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Well Well, the original headline for the session was going to be Gasly Torpedoes Kvyat, at least until the rising star of the FIA’s tech division, Marcin Budkowski, shocked the paddock with his resignation, causing great consternation that he might take his intimate knowledge of everyone’s plans for next years cars with him to a team, rumoured to be Renault. This was followed by a lot of muttering about the FIA perhaps not tending to it’s own backyard as carefully as it should, once it emerged Budkowski’s gardening leave was a mere 3 months, leaving him well positioned to drop a great deal of very expensive knowledge wherever he winds up. And rightfully so, as the industry standard for these sorts of positions is usually more along the lines of a year. Might as well start popping the popcorn now, as this one’s got some legs.

But then the racing reasserted itself as the lead player once Mercedes’ development package led to their worst Friday practice of the year. They showed up Saturday with a split strategy, Bottas with the updates with Hamilton reverted to the Singapore package. That state of affairs persisted into the qualifying session, suggesting true opportunity for Ferrari to close the gap. Of course, as usual, the tires were a primary motivator, with the pressures again being changed overnight in response to Friday data/complaints.

Which also could’ve been a headline until Vettel’s engine #3 decided it didn’t want to play, leading to the last PU being chunked in last minute. The question of whether their shiny new additively manufactured (fancy speak for 3D printed) piston was along for the ride being neither confirmed nor denied in typical Ferrari fashion.


Green Light!! Grosjean, Wehrlein, and Ericcson were first out. Hamilton was next out, on the Soft tyre. The Raikkonen card was played in response, also on the Softs and with Vettel’s car under repair, it was possible that he would’nt be out till later in the session, though no doubt Ferrari were keen to get him out on an installation lap as soon as possible. 2 minutes in and the track was filled as the early runners embarked on their hot laps, picking their way through those just beginning their out laps.

Hamilton to the top with a 1:32.380 on the Soft tyre with Ocon just behind as the early runners began lighting up the timing screens. Raikkonen, who started 30 seconds or so behind the Merc and was the first serious challenger to the top time, then flashed across the line to take P1, 0.01s up on the Brit, bouncing Ocon to P3 as Vettel circled the track, putting his brand new PU into action for the first time. And not a happy time as without setting a time, he radioed in he was limping back with 11 minutes left, saying he had no turbo, the one component that has been long reckoned to be his weakest link due to the fact he barbecued one early in the season. Ruh Roh!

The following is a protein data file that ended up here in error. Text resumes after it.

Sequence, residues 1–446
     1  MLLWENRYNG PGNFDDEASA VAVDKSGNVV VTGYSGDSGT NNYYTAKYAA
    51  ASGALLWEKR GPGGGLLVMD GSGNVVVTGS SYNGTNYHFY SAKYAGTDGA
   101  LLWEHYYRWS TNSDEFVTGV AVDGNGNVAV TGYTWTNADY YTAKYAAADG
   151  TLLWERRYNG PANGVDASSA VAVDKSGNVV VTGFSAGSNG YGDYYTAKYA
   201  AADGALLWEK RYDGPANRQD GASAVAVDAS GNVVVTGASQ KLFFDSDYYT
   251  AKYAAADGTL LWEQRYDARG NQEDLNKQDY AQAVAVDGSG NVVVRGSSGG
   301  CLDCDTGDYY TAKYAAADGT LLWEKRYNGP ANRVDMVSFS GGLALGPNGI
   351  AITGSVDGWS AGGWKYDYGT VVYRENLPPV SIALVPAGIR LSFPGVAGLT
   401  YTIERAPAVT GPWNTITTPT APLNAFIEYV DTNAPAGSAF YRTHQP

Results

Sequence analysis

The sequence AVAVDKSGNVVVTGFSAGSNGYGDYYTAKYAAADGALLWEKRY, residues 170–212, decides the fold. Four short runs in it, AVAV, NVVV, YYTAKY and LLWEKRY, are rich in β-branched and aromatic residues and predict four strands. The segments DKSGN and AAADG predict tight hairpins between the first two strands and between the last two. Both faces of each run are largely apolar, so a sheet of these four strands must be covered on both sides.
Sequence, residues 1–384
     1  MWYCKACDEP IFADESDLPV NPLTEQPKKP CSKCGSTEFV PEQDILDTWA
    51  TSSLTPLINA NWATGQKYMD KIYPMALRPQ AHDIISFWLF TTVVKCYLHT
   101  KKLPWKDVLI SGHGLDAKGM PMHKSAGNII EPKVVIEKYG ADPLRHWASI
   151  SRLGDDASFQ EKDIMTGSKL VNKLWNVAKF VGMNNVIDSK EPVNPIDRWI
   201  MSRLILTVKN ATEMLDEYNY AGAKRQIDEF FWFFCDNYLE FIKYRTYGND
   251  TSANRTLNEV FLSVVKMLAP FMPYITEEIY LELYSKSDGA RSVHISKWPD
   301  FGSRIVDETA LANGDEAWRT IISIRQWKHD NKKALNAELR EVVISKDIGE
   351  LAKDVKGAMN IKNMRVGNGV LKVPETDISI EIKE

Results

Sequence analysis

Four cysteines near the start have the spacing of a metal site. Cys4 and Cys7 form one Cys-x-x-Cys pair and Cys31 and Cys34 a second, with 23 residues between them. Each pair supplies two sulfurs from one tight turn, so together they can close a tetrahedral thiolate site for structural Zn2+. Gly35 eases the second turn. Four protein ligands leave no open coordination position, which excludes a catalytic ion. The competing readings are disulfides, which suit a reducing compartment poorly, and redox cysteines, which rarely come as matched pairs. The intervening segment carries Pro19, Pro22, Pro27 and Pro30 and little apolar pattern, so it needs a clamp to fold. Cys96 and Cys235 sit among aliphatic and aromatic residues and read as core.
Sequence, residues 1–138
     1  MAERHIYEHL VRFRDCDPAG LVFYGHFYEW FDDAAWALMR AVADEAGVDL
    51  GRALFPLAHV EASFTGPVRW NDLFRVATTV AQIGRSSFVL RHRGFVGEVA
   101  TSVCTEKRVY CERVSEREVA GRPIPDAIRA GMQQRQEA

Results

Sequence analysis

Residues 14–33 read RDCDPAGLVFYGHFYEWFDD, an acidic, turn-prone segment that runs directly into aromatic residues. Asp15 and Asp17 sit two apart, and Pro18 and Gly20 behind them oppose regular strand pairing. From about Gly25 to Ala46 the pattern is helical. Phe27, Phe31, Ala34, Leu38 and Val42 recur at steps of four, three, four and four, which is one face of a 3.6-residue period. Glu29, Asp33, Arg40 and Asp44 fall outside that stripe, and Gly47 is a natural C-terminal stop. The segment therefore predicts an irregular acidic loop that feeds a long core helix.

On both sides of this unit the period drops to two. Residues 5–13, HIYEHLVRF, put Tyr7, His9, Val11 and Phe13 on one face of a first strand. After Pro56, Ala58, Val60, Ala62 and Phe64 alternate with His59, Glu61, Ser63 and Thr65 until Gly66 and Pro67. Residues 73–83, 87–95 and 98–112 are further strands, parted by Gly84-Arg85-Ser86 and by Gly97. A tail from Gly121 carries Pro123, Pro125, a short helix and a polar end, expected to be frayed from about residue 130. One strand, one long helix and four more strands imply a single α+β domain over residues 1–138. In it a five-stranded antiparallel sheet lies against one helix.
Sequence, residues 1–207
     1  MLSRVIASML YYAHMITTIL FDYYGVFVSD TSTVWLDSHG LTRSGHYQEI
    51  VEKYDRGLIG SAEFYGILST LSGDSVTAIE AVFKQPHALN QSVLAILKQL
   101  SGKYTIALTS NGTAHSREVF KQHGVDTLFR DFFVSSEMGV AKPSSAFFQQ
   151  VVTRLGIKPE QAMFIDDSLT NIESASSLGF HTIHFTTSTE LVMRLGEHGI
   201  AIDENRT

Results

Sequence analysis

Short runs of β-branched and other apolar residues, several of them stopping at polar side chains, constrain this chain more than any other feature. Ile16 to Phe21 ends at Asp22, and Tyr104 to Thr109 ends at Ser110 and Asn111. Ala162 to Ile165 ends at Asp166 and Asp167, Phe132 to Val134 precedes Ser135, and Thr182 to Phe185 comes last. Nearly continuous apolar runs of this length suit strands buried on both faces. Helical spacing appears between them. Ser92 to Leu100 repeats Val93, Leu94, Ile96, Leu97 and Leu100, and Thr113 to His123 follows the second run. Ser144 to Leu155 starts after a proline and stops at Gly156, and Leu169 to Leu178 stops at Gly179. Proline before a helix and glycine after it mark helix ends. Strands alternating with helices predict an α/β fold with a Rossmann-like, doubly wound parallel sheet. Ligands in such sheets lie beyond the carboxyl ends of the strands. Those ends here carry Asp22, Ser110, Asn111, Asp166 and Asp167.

As that drama played out Red Bull finally came out to play and it was P2 for Verstappen and P5 for Danny Ric, both on the Soft tyre, matching the strategy of Ferrari and Mercedes. Bottas banged out a P3 and with 8 minutes left all eyes were on the pitwall at Ferrari, trying to read the tea leaves with regards to Vettel’s stricken ride.

Further back it was a P12 for Sainz and P16 for Gasly roughly 0.4s between them. 6 minutes to go and the normal accounting was put on hold as the mechanics stared blankly into the back of Sebastian’s car, absolutely no work taking place, suggesting terminal failure or unidentified issue.

4 minutes to go and they fired the engine, fixed or not. Gasly, Wehrlein, Grosjean and Ericsson before him all had work to do to stave off being eliminated in Q3. AS the rest trundled forth, Vettel sat and sat and finally, it was done. Engine off with 1 minute left, Game Over.

Massa hit the line for P5 right before the checquers dropped. Gasly was right behind him and P8, AHEAD of Sainz, Magnussen to P9 as Stroll and Grosjean had all the work to do. P14 for Stroll endangered Palmer, who then slammed a P9 AHEAD of the Hulk leaving Grosjean, Magnussen, Wehrlein, Ericsson and of course Vettel off for some teh tarik as their day was done. The rest turned it round in pursuit of all the glory as Q2 loomed.